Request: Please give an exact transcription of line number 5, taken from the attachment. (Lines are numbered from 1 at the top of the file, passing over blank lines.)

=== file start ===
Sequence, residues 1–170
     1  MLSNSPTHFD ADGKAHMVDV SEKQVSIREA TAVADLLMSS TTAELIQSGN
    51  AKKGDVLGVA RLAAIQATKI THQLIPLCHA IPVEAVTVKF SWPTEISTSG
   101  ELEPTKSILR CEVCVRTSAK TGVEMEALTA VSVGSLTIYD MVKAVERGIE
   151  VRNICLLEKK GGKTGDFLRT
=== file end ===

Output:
   151  VRNICLLEKK GGKTGDFLRT